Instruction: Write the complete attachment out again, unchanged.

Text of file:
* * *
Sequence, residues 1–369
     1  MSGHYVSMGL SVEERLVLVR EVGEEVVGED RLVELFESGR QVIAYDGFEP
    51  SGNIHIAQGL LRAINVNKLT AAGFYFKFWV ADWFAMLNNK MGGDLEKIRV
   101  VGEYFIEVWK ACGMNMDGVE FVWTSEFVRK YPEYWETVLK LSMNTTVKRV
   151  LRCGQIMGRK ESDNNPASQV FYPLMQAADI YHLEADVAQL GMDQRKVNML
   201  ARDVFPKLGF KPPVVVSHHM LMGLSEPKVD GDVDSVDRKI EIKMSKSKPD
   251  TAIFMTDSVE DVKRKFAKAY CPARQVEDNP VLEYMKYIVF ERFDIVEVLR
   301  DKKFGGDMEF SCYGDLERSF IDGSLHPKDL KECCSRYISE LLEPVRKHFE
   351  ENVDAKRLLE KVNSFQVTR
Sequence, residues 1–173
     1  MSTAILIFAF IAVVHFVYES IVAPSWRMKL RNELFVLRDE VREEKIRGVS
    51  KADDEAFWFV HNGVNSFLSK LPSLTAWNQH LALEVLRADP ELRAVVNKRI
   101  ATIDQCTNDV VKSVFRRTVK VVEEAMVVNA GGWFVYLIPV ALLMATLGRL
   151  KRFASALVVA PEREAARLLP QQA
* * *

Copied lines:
Sequence, residues 1–369
     1  MSGHYVSMGL SVEERLVLVR EVGEEVVGED RLVELFESGR QVIAYDGFEP
    51  SGNIHIAQGL LRAINVNKLT AAGFYFKFWV ADWFAMLNNK MGGDLEKIRV
   101  VGEYFIEVWK ACGMNMDGVE FVWTSEFVRK YPEYWETVLK LSMNTTVKRV
   151  LRCGQIMGRK ESDNNPASQV FYPLMQAADI YHLEADVAQL GMDQRKVNML
   201  ARDVFPKLGF KPPVVVSHHM LMGLSEPKVD GDVDSVDRKI EIKMSKSKPD
   251  TAIFMTDSVE DVKRKFAKAY CPARQVEDNP VLEYMKYIVF ERFDIVEVLR
   301  DKKFGGDMEF SCYGDLERSF IDGSLHPKDL KECCSRYISE LLEPVRKHFE
   351  ENVDAKRLLE KVNSFQVTR
Sequence, residues 1–173
     1  MSTAILIFAF IAVVHFVYES IVAPSWRMKL RNELFVLRDE VREEKIRGVS
    51  KADDEAFWFV HNGVNSFLSK LPSLTAWNQH LALEVLRADP ELRAVVNKRI
   101  ATIDQCTNDV VKSVFRRTVK VVEEAMVVNA GGWFVYLIPV ALLMATLGRL
   151  KRFASALVVA PEREAARLLP QQA